- Petrol and diesel fuel, water use and greenhouse gas emission figures for 2016-17 have been updated to reflect more complete data that is available for that year and to exclude information relating to sites for the Office of the Commissioner for Sustainability and the Environment, the City Renewal Authority and the Suburban Land Agency.
- The variance to this figure reflects the correction of a historical reporting error. The figure reported in the 2016-17 Annual Report was 10,396.61 square metres.
- The current year's data includes estimates.
- Total number of vehicles includes all passenger, commercial and plant equipment on 30 June.
- Fleet kilometres travelled has been recalculated for 2016-17 using information from various sources including SG Fleet data. Both years' data may include estimates.
- Emissions reported for stationary energy and transport fuels include Scope 1 and Scope 2 emissions only.Emission factors used to calculate natural gas and fleet fuel are based on the latest National Greenhouse Accounts Factors.Greenhouse gas emissions for electricity consumption have been calculated using the following emissions factors based on the latest (May 2018) ACT Electricity Emissions Factor Report:
- A factor of 0.667 kilogram CO2-e / kilowatt hour (kWh) or 0.667 tonne (t) CO2-e / megawatt hour (MWh) has been used to calculate electricity emissions (Scope 2) for the 2016-17 period. It is based on actual historical data and is a retrospective adjustment of the original 0.525 factor (Scope 2) used for 2016-17 annual reporting.
- A factor of 0.455 kilogram CO2-e / kilowatt hour (kWh) or 0.455 tonne (t) CO2-e / megawatt hour (MWh) has been used to calculate electricity emissions (Scope 2) for the 2017-18 period.
Independent Audits undertaken by the Commissioner for Sustainability and the Environment
The Directorate has the responsibility for the coordination of the Gungahlin and Molonglo Valley Strategic Assessments. The strategic assessments under the Environment Protection and Biodiversity Conservation Act 1999 (Cth) (EPBC Act) allow for urban development to occur, subject to a broad range of commitments which are required to be delivered over the life of the approval. The commitments are outlined in endorsed plans: the Gungahlin Strategic Assessment Biodiversity Plan and the Molonglo Valley Plan for the Protection of Matters of National Environmental Significance.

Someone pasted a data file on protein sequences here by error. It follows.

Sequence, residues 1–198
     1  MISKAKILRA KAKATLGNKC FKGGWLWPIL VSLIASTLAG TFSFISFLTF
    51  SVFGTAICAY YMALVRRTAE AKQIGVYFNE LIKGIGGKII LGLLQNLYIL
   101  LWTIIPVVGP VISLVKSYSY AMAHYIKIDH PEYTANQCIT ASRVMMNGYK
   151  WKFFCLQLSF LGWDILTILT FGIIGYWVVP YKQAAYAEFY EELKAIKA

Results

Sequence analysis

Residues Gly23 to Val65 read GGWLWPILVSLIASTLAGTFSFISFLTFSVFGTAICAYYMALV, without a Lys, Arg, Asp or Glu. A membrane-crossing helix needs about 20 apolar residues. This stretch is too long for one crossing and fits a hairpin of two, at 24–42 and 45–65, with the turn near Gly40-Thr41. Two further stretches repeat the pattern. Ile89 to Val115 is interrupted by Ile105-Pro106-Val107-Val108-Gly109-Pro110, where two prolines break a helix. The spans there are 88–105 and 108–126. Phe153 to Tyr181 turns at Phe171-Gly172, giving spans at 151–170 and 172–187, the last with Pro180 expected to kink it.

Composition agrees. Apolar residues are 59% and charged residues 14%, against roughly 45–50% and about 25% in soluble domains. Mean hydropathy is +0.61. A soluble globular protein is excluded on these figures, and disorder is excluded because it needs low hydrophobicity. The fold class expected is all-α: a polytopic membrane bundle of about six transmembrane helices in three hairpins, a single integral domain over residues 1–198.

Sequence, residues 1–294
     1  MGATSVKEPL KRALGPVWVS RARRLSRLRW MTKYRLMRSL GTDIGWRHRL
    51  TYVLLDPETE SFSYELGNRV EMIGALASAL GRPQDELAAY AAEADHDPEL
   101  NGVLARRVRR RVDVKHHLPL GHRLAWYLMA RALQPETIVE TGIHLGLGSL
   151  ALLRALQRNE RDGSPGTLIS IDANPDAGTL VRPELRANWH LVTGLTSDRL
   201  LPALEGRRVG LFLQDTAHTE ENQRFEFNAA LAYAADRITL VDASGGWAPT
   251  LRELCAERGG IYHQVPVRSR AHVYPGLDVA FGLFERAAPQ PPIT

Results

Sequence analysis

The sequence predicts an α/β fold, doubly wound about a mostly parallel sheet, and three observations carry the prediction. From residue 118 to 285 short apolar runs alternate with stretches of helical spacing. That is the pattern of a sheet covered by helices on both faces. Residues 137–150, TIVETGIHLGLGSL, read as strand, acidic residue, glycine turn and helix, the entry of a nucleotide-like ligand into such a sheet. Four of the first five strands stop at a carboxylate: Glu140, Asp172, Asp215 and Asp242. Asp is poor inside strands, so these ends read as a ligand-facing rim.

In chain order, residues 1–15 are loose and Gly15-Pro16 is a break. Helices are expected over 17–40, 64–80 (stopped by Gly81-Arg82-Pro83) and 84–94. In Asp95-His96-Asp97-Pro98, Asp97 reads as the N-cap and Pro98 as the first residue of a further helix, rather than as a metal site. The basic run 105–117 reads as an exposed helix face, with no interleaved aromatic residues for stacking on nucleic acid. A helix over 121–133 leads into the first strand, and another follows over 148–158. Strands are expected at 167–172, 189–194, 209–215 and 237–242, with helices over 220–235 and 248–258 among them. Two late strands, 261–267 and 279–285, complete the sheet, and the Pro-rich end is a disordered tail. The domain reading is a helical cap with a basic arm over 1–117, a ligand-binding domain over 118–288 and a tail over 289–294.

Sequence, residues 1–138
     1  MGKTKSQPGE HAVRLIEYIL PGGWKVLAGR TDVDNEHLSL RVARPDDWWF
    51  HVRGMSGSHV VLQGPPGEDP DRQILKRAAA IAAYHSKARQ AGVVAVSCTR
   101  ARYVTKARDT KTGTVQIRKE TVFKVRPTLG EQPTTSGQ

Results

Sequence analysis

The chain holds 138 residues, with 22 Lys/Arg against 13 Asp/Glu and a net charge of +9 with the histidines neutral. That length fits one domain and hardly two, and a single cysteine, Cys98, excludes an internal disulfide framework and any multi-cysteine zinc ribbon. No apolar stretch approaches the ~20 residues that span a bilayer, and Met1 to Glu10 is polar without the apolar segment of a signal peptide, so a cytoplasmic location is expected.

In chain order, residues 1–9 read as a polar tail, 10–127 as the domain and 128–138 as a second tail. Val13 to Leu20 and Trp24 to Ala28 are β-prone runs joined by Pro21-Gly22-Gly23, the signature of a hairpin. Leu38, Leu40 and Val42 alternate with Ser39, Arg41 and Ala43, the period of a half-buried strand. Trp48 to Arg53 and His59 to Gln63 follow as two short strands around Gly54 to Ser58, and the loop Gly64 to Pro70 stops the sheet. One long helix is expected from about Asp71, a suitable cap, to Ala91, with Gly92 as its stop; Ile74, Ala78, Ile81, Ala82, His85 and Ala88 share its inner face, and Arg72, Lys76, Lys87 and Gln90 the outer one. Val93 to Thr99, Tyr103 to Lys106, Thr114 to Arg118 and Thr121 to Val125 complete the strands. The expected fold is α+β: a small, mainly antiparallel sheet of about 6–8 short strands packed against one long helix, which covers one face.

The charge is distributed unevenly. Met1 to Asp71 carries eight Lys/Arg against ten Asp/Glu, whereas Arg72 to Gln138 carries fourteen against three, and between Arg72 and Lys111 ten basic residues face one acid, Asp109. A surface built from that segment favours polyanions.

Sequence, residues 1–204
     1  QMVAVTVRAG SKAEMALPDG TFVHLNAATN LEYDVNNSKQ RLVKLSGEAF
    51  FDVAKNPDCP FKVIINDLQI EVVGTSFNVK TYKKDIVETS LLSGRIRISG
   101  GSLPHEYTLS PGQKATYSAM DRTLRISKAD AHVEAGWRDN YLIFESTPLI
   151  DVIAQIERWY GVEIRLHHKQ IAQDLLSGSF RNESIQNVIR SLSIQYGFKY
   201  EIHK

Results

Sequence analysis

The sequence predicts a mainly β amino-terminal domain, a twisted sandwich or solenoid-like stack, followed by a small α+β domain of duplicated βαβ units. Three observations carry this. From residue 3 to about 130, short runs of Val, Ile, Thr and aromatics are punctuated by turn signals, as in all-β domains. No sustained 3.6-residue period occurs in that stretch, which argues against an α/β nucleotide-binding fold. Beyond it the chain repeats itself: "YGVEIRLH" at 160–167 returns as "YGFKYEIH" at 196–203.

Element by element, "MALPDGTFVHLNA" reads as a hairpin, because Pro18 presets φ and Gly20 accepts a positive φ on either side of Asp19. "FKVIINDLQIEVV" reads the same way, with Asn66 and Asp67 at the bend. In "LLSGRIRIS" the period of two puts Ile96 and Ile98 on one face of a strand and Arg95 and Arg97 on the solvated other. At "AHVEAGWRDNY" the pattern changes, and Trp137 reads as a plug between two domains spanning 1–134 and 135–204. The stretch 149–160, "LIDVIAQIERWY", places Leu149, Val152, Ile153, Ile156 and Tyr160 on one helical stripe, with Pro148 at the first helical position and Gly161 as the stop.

The plans specify that an audit of the commitments is required every five years to ensure commitments are being implemented. The Office of the Commissioner for Sustainability and the Environment (OCSE) was identified in the endorsed plans as an appropriate entity to undertake the audits given its independent role.
Independent audits were undertaken by OSCE on both the Gungahlin and Molonglo Valley Strategic Assessments in 2017-18. Overall, the audit findings were positive, with the majority of commitments found to be compliant (some with observations noted).
Gungahlin Strategic Assessment
On 8 June 2016 the Minister for Environment and Climate Change, Simon Corbell MLA, provided a Ministerial direction to OCSE to undertake an independent audit of the Plan. The OCSE provided the final audit report to EPSDD on 20 November 2017.
The audit found that of the 39 commitments, a total of 19 (five with observations), were compliant. Thirteen commitments were non-compliant, five of which were identified as high risk, and five were termed undetermined.
The majority of non-compliant commitments were due to timeframes not being met, even though the commitments have been delivered.
Five corrective actions were issued to ensure commitments are met, relating to:
- compliance and enforcement for cat containment
- a review of the Taylor Stage 1 Construction and Environmental Management Plan
- processes for reporting potential breaches of commitments
- completion of fire hazard management strategies
- provision of educational material for future Throsby residents.
All five corrective actions have been delivered, and new processes and procedures have been implemented to improve the delivery of this strategic assessment.
The audit also made 8 recommendations. A government response to the recommendations was released in June 2018 and specific response to the recommendations is detailed in the table below. The ACT Government agreed to all recommendations and these are now being implemented.
ACT Government response
Completion of the five corrective action requests detailed in the Audit Table on or before the critical dates.
All five corrective actions have been completed in accordance with the audit report.